I am a fan of short stories, and of themed anthologies as a rule, and this was a very good one. While it's being presented as a book of Steampunk stor...moreI am a fan of short stories, and of themed anthologies as a rule, and this was a very good one. While it's being presented as a book of Steampunk stories, it seems many of the contributing writers have only a rudimentary understanding of Steampunk as a set of aesthetics, which is what I think makes the collection so very interesting. Fantasy writers not known for their Steampunk aesthetic try their hand at some 19th Century Ghosts Stories with terrific results. Gene Wolfe has the very compelling "Why I Was Hanged", and John Harwood gives us "Face to Face" and darkly disturbing exploration of the Myth of the Fatal Book (one of my favorite tropes). And Peter Beagle's "Music, When the Soft Voices Die" was equal parts terrifying and heartbreaking.
Another reason I tend to like themed anthologies, is that it is a way I often discover new readers. "Kiss Me Deadly" introduced me to Caitlin Kittredge's "Iron Codex" series, and "The Eternal Kiss" gave me Holly Black's *tremendous* "The Coldest Girl in Coldtown". "Ghosts by Gaslight", too, introduced me to new (to me) writers from whom I am anxious to hear more: Theodora Goss (her "Christopher Raven" was lovely. Part allegory, part cautionary tale), and Margo Lanagan to name only two.
I was also interested to see how the Victorian tropes were used throughout -- authors made great use of both travelogues and correspondance.
I recommend this for lovers of dark and elegant stories -- there is not much here to truly keep you up at night, but sometimes an elegant shiver is what I want more.(less)
Kittredge created something pretty special here. She uses the Lovecraftian tropes and references to create a world that is darkly sinister, but withou...moreKittredge created something pretty special here. She uses the Lovecraftian tropes and references to create a world that is darkly sinister, but without trying to recreate a Lovecraft Story, which was wise. Aoife is a compelling heroine: strong without resorting to "pluckiness", she can doubt herself and be imperfect without coming off as whiny. The love story was my least favorite part, but I'm sure that won't be the case for all readers. I'm interested to see where the next book in the series goes.(less)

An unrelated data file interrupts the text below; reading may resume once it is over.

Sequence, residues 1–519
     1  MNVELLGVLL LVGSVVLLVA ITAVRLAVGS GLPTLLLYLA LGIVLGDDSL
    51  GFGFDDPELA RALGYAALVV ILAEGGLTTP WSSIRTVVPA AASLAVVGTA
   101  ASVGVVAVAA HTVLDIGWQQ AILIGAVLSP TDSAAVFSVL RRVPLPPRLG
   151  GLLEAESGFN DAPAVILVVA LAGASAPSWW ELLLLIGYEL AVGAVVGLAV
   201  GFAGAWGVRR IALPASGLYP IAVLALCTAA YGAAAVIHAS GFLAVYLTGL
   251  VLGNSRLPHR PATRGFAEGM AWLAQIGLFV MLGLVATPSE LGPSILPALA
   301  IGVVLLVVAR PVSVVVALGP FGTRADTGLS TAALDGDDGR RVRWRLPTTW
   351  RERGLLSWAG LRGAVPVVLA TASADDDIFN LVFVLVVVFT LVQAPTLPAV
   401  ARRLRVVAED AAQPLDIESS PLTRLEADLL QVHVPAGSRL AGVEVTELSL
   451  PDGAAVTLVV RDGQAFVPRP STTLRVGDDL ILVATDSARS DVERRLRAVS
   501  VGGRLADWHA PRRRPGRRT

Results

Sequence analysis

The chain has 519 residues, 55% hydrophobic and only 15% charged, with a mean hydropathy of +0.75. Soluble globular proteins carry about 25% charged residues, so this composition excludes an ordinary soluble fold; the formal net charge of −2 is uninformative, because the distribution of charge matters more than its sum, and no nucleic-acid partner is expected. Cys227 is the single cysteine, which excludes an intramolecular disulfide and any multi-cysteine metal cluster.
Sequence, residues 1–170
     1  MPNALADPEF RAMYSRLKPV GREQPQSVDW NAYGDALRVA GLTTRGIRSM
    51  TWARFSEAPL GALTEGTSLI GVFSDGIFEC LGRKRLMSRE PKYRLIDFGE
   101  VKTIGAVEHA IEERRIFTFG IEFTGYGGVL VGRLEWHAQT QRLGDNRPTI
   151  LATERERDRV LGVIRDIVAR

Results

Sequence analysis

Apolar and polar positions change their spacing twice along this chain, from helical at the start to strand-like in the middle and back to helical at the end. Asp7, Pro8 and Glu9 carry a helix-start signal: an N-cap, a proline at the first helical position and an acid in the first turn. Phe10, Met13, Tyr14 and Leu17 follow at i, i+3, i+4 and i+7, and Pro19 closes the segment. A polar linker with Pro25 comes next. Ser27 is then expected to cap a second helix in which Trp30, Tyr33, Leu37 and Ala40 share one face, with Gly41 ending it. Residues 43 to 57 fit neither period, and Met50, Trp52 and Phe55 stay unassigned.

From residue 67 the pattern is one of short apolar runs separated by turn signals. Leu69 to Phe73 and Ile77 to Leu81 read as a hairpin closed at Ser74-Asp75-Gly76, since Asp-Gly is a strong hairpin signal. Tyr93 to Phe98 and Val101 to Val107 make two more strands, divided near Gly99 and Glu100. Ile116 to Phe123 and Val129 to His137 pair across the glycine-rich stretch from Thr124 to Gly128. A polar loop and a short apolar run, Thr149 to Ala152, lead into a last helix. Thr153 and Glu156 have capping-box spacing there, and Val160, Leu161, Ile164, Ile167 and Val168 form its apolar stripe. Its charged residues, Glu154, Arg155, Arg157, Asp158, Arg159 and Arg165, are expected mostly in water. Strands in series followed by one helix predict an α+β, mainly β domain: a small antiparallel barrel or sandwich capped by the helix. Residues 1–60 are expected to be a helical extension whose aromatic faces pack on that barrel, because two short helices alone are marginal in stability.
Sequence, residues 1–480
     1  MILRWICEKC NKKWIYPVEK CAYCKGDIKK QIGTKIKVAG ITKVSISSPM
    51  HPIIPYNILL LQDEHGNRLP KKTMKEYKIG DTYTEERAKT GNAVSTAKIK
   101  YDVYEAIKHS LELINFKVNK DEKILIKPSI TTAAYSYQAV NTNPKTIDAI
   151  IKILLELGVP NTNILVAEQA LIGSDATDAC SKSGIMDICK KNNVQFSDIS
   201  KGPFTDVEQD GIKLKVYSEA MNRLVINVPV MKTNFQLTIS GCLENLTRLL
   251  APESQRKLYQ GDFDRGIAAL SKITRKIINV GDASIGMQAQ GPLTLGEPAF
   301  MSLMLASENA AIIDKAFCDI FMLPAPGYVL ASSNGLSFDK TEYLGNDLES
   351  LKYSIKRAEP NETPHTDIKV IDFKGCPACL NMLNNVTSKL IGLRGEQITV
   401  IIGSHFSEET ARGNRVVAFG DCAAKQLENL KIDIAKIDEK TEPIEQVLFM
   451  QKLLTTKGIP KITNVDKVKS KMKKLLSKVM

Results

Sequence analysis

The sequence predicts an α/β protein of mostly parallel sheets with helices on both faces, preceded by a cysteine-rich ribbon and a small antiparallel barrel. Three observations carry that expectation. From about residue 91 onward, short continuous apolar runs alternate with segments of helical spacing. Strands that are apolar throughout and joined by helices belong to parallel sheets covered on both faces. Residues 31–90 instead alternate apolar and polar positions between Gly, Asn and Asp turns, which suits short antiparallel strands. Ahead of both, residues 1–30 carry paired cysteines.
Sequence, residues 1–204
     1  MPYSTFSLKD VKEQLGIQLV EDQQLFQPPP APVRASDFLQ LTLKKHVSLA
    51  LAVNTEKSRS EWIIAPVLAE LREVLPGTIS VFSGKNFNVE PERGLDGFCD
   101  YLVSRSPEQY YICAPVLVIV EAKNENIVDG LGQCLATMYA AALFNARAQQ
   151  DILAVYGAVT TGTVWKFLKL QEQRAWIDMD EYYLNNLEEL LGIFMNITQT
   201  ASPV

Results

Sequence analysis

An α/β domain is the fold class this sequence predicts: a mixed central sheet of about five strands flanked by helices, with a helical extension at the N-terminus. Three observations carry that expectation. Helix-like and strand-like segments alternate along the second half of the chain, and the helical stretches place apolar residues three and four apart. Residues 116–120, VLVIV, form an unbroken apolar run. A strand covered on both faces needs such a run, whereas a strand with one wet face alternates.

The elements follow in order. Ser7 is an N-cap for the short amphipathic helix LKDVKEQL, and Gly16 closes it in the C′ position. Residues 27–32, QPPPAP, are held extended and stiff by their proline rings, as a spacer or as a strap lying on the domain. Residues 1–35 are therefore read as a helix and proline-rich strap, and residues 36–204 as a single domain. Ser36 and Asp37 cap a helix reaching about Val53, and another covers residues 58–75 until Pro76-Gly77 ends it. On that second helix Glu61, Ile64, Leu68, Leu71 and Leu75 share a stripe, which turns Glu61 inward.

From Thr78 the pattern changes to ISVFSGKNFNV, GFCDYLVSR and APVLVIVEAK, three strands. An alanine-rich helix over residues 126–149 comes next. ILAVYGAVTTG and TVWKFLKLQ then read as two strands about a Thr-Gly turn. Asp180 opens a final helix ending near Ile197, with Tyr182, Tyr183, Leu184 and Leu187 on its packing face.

Heartless is a great addition to the series. It might be one of my favorites so far, except of course, for Soulless. I was especially pleased to find...moreHeartless is a great addition to the series. It might be one of my favorites so far, except of course, for Soulless. I was especially pleased to find Ivy Hisselpenny-Tunstell being put to some use, and turning out to me not quite as useless as it first appeared. I find it refreshing -- a steampunk romp with a kind of a shine to it, a book that has a sense of humor about itself and the world. The series continues to move forward and hang together pretty coherently. This is less of a romance than we've seen in books past, but that was not a particular problem for me. However, if you're looking for something that will challenge you to look directly into the eye of some terrifying dystopian future to see how much you can endure? Then maybe this isn't your cup of tea, to turn a phrase. But as cups of tea goes, this was just the right one for me this week. (less)
Like many anthologies of its kind, "Corsets and Clockwork" does veer a little toward the *inconsistent* end of things, but not nearly as much as most....moreLike many anthologies of its kind, "Corsets and Clockwork" does veer a little toward the *inconsistent* end of things, but not nearly as much as most. None of the stories are real clunkers, but there were a couple that stood out. Among others, Lesley Livingston's "Rude Mechanicals" had many things I love in any story: run down theaters, idealistic artists and finely-wrought automatons. Its ending hangs like a puppet on a wire, creating that breathlessness only short stories can provide. But then there was the one that REALLY stood out for me. Caitlin Kitteredge's "The Vast Machinery of Dreams", a clockwork Lovecraftian masterpiece, that doesn't function as a traditional Twilight Zonish punch-packing short story, neither as a self contained novel chapter, but instead it functions as a truly "Weird Tale" in the best possible sense of the term. It's the one story that made me question the Young Adult sticker on the library's binding. It's the story I liked so VERY much that my review went from three to four stars.